It wouldn’t be CES without a company making a weird announcement. For example, today Sharp announced that future television sets from the company will feature a special film that is modeled after the nanostructures in a moth’s eye. These structures are antireflective — they disperse light so that the moth’s position isn’t given away to a wandering predator. This inspired engineers to look into designing display surfaces with similar features to reduce reflections.
The surface of a moth’s eye is covered in little protuberances that refract the light in such a way that hardly any light reflects out from the eye. Not only does it help keep the moth safe from predators, it also aids the moth’s night vision by capturing more light.
Sharp plans on using a coating that mimics the surface of a moth’s eye for television displays. This isn’t a new idea — a paper in Optics Express suggested using a similar approach to design solar panel cells. The benefit is clear — by reducing reflections, the solar panel can capture more of the sun’s energy and convert it to electricity. Sharp is looking at using the same tech to cut down on glare. It might not save the world but it could make home theater enthusiasts very happy.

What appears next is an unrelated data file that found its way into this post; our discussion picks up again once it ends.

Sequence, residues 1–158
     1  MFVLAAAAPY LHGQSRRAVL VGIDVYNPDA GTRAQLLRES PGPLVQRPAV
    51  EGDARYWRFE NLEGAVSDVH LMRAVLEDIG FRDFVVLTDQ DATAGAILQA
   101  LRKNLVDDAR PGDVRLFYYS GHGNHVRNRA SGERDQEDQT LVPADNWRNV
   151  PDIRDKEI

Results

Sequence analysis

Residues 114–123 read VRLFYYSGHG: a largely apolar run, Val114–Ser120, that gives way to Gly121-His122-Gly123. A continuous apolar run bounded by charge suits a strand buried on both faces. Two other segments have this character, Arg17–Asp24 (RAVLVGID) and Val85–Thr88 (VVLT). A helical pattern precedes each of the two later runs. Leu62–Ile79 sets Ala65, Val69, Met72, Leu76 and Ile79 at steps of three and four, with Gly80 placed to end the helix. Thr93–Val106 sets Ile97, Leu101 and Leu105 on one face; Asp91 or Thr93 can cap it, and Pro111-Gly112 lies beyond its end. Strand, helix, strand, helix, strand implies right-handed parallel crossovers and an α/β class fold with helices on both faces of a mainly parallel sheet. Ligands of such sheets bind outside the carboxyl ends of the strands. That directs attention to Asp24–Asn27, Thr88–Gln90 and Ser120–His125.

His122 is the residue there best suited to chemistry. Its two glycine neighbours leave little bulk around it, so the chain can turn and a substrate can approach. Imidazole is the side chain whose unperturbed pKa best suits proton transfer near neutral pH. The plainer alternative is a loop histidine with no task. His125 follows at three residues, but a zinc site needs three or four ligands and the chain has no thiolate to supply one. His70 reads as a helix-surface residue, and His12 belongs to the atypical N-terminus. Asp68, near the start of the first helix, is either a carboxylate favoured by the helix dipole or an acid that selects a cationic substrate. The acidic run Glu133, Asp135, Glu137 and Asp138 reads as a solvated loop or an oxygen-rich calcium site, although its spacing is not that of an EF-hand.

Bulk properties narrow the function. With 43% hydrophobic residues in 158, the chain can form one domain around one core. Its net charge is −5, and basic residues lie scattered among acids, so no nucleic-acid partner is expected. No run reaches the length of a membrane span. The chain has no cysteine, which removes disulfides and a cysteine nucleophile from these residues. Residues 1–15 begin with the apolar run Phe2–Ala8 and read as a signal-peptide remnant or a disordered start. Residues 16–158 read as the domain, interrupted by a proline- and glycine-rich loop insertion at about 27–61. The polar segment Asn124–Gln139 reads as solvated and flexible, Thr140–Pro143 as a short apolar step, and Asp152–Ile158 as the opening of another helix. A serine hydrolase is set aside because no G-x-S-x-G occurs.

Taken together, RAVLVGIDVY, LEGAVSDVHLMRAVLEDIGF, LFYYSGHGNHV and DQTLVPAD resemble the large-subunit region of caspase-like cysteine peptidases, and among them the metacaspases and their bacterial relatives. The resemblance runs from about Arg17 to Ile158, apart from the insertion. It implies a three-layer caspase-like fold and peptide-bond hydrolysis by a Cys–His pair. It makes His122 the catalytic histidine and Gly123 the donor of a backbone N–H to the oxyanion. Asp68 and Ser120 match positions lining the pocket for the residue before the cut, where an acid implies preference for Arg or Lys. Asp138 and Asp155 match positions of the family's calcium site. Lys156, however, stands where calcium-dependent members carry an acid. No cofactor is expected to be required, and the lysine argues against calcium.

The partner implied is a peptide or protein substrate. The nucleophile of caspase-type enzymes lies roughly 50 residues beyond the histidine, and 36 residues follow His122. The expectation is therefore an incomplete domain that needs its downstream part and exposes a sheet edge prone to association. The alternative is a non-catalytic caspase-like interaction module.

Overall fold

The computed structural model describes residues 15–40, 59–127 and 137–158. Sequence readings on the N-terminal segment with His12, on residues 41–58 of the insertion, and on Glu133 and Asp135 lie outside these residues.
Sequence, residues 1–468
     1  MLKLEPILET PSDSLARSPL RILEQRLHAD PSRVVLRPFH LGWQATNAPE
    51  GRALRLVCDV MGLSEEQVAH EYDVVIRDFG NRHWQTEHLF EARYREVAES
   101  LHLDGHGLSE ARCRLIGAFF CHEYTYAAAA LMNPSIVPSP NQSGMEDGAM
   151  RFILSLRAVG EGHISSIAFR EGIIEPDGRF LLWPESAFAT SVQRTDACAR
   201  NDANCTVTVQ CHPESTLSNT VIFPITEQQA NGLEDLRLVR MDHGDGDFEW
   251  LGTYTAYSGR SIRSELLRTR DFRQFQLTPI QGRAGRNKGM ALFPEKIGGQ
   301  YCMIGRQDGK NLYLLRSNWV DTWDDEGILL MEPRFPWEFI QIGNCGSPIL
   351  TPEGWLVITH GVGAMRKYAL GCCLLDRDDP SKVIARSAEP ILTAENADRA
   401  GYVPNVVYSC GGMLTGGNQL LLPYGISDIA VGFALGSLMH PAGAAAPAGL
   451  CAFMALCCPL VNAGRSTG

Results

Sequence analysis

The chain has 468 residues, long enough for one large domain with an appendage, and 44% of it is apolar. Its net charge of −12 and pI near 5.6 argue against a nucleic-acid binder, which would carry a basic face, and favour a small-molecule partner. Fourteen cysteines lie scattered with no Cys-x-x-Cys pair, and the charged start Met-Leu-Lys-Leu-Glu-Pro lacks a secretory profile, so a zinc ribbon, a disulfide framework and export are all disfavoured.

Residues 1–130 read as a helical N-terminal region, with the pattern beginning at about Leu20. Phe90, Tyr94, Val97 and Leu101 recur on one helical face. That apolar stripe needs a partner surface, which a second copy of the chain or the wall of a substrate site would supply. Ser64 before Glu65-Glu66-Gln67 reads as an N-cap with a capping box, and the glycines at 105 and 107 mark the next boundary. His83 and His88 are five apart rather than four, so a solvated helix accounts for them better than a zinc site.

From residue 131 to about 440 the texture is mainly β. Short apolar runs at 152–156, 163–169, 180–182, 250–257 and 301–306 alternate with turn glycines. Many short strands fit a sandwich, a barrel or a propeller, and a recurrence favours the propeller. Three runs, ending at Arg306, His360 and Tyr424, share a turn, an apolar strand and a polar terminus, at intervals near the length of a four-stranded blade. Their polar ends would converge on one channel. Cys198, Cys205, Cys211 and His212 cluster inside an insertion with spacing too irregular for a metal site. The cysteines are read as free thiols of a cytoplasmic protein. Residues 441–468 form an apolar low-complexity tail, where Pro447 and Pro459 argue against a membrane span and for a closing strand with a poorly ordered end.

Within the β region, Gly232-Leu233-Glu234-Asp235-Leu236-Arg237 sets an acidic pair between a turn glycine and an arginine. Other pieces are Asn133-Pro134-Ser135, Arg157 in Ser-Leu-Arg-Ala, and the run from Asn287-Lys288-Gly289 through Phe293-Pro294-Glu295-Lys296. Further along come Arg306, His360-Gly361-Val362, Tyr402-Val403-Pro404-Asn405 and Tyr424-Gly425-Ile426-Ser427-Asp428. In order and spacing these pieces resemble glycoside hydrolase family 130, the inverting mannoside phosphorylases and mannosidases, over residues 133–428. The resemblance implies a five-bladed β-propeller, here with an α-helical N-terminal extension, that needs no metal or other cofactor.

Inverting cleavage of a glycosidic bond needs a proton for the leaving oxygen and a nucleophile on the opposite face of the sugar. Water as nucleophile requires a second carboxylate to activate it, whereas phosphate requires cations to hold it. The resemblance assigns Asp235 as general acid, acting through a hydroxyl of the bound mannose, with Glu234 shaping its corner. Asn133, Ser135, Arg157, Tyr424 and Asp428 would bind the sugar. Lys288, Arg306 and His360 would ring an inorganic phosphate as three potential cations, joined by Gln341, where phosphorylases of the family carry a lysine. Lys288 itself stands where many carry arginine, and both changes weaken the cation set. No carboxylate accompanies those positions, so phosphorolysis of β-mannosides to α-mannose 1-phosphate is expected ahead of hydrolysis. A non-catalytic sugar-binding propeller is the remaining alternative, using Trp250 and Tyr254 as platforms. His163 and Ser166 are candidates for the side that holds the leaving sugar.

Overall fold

Sharp also unveiled several new big-screen televisions, smart TVs and ultra high definition sets that the company says will hit the market in 2013. But I just want a chance to look a Sharp television set right in the moth eyes.